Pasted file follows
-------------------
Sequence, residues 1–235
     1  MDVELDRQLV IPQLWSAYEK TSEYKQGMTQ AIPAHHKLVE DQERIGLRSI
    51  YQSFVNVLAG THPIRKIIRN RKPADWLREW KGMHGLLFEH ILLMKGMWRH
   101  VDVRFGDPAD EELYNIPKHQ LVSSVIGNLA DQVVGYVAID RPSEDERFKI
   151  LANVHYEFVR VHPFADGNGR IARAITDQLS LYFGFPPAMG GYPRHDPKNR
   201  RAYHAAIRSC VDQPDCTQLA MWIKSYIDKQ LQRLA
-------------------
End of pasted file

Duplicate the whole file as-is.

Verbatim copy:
Sequence, residues 1–235
     1  MDVELDRQLV IPQLWSAYEK TSEYKQGMTQ AIPAHHKLVE DQERIGLRSI
    51  YQSFVNVLAG THPIRKIIRN RKPADWLREW KGMHGLLFEH ILLMKGMWRH
   101  VDVRFGDPAD EELYNIPKHQ LVSSVIGNLA DQVVGYVAID RPSEDERFKI
   151  LANVHYEFVR VHPFADGNGR IARAITDQLS LYFGFPPAMG GYPRHDPKNR
   201  RAYHAAIRSC VDQPDCTQLA MWIKSYIDKQ LQRLA